Future depends on faculty unionizing

If the Board of Regents has its way, tenure as we know it at the University of Minnesota will be a thing of the past.
The administration will possess the power to axe whole departments with impunity. It will be allowed to lay off faculty for failing to exhibit “a proper attitude of industry and cooperation with others.” It will be permitted to lower a professor’s pay for substandard performance or — get this — for any other “compelling” reason. About the only thing administrators won’t be allowed to do to faculty members under the regent’s proposed tenure revisions is flog them with bullwhips and torture them with red-hot pincers.
Forget that the regents’ proposals violate a long-standing tradition in higher education of faculty self-governance. Forget that by forcing professors to adopt an obsequious attitude of cooperation the revised tenure code would stifle controversy, blunt inquiry and chill debate. Forget also that there is almost nothing a budget-slashing, belt-tightening, upper-level administrator wouldn’t regard as compelling grounds for cutting someone’s salary. Just consider for a moment what will happen to the quality of the professors at this school in the event that the Board of Regents gets its wish.
To begin with, the University’s better faculty — the ones with national reputations, prestigious awards and hefty research grants — will leave in droves. Some are so disgusted with the proposed tenure changes that they may leave even if the plans are dropped. And there’s no shortage of jobs for these folks to flee to should they feel the urge. It’s no secret that other top-flight schools are already trying to use the tenure issue to lure away our big-name scholars.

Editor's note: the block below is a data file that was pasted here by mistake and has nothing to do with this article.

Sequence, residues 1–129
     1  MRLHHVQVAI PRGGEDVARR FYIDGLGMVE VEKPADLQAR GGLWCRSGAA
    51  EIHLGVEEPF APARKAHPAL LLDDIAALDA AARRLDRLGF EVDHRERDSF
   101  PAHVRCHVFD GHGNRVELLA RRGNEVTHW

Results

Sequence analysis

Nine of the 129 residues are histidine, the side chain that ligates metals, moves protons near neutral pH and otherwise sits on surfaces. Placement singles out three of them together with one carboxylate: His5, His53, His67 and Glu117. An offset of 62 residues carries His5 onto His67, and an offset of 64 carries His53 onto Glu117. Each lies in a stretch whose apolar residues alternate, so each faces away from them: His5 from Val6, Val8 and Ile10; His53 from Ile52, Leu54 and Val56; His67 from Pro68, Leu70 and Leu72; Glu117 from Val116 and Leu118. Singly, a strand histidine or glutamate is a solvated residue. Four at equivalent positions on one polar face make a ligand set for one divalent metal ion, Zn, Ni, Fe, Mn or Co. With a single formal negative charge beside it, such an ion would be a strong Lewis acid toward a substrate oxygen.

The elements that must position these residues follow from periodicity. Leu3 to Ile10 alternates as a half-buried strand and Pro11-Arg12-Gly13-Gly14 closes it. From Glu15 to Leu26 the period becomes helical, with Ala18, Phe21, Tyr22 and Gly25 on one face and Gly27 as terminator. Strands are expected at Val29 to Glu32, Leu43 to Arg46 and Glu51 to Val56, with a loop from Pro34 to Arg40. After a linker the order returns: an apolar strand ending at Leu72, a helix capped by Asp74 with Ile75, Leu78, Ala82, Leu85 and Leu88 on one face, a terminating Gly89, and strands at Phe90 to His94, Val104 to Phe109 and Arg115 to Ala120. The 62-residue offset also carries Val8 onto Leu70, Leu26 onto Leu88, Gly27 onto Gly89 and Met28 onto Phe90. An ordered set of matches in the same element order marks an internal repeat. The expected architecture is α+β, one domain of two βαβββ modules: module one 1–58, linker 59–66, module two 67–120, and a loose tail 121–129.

Meanwhile, promising young academics will avoid the University like the plague. After all, why should people who’ve spent eight or 10 years slaving away in graduate school take a job at one of the few places in the country that insists on treating people with doctorates like they were trainees at McDonald’s? Those budding scholars unfortunate enough to end up here will stay only long enough to find a better position elsewhere.
So, who do you suppose will be left to teach, mentor and conduct research after the euphemistically titled “restructuring of tenure” is complete? In all likelihood, the only professors the University will be able to retain after the fall of tenure will be the very deadwood the regents and their political backers say they want to eliminate. Contrary to what the board seems to believe, excellence in higher education is not achieved by constructing multimillion dollar buildings, or hiring high-paid provosts, or creating award-winning sports programs, or even signing exclusive contracts with soft drink companies, but rather by cultivating a talented, dedicated faculty. If it is unable to attract and keep decent educators, Minnesota’s premiere institution of higher learning will be reduced to little more than an oversized community college.